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In 1993, shortly after the collapse of the Soviet Union, NYPD officer and caving enthusiast Chris Nicola set out to Western Ukraine to explore Verteba and the Priest’s Grotto Cave, one of the longest cave systems in the world. Inside the caves—dark, damp, and stifling, wholly inhospitable to human life—he found the unthinkable: buttons, shoes, a house key, artifacts of human habitation decidedly recent. Upon returning from the caves, his attempts at discovering the origins of these items led him to only the offhand comment from a local villager that, perhaps, Jews had hid out there during the Holocaust. The mystery took him on a decade long quest for the caves’ original inhabitants, and ultimately becomes the premise for director Janet Tobias’s debut feature-length documentary No Place on Earth.

Key found in cave in Western Ukraine where a family of Jews lived for 544 days. Photo courtesy Magnolia Pictures

When director Janet Tobias, a veteran of 60 Minutes and ABC News, was first approached with the premise of this true story—38 Jews hid out from the Nazis across two caves for a combined 511 days, surviving the darkest period of the Holocaust in what is the longest instance of uninterrupted human cave dwelling on record— she was understandably hesitant. Despite its sheer emotional resonance, “there are so many great Holocaust dramas and documentaries that have been done,” she claimed. “The bar is really high for adding a story to that canon, and to do one at a higher level would be tough.” Indeed, Holocaust cinema has a rich history, and casts a very long shadow. The classic documentary Night and Fog, directed by Alain Resnais, is a stern and solemn monument in the history of cinema still shown in schools the world over, and is a cornerstone in our conception of the horrors of the Holocaust. There are very few historical phenomena that stand so firmly as their own film genres, with so many hallowed masterpieces in the oeuvre—the “bar” which Tobias speaks of.

What stuck with Tobias was not just story of harrowing escape and survival against all odds, but the spirit of pluck and adventure that embodied everyone involved. Nicola’s exhaustive, ten-year search for the original inhabitants of the cave took him to the Stermer, Drexler and Dodyk families in New York and Montreal, the families who sought refuge in the caves, and who are now three generations into their lives in North America, having kept their story largely to themselves. And after meeting the families personally, Tobias was surprised to discover “what joyous storytellers the surviving family members were regarding what had happened to them. There was obviously the drama and the darkness, but also an incredible sense of pride about what they were able to accomplish together.” Coupled with the surviving family members’ desire to return to visit the caves together in the Ukraine, Tobias knew she had an adventure/survival story on her hands, and as she puts it, “a completely different way into their story.”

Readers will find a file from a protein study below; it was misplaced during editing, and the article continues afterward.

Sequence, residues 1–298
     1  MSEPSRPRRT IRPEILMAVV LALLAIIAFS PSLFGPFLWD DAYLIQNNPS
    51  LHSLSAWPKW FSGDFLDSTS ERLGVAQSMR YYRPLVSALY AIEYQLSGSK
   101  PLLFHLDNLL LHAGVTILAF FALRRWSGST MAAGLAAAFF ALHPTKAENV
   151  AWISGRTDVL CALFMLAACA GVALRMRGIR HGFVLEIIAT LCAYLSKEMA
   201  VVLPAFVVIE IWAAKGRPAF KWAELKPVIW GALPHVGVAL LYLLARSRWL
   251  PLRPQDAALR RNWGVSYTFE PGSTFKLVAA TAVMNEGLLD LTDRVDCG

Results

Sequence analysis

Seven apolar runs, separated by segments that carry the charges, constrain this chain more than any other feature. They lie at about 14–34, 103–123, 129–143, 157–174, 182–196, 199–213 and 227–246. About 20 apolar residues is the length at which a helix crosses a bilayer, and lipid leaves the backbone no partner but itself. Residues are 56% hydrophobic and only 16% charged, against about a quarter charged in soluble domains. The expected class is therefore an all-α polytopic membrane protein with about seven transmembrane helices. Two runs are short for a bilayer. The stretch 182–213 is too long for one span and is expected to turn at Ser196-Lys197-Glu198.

Survivors return to the cave they called home for nearly two years. Photo courtesy Magnolia Pictures

The final film, then, becomes a sort of adventure triptych, overlaying Chris Nicola’s quest to find the survivors of the caves, the surviving members’ interview footage describing their experiences seeking refuge, and a dramatic reenactment of days spent in the cave, in order to give the audience a “see-feel-touch experience of what that survival was like.” This daring amalgam of elements is Tobias’s specialty—the director has previously won an Emmy for her work on Life 360, a weekly PBS series that combined documentary pieces with dramatic and comic monologues. Her vast experience with the alchemy of alternative narrative presentation told Tobias that her film needed to take risks. And as such, rather than to film interview footage first, she knew the first step in the film’s journey would need to be to bring the families back to the cave, to bring emotions to the fore. Although filming of the dramatic segments was eventually conducted in caves in Hungary more hospitable to large-scale production, with a crew of about 50 people, Tobias was able to safely bring the entire party into the Verteba cave together, no small feat considering Saul Stremer, the oldest surviving member, is over 90 years old.

It is in the overwhelming physicality of the caves that the film finds and meets its “bar”. Once the entire party has been safely lowered into the cave, Saul Stermer asks for the lights to be turned off. The darkness, which elicits such a strong discomfort from the directors, crew, and inevitably the audience, strikes a wholly different note with the survivors. “’Now I know where I am. Now I feel good,’” says Saul. The darkness, the strength to come together and withstand unprecedented seclusion is what ultimately saved the caves’ original inhabitants, and with Tobias’s painstaking pilgrimage, a sliver of hope is passed down and laid bare for generations to come.

Featured image: Chris Nicola in a cave in Georgia (USA) in NO PLACE ON EARTH, a Magnolia Pictures release. Photo courtesy of Magnolia Pictures.

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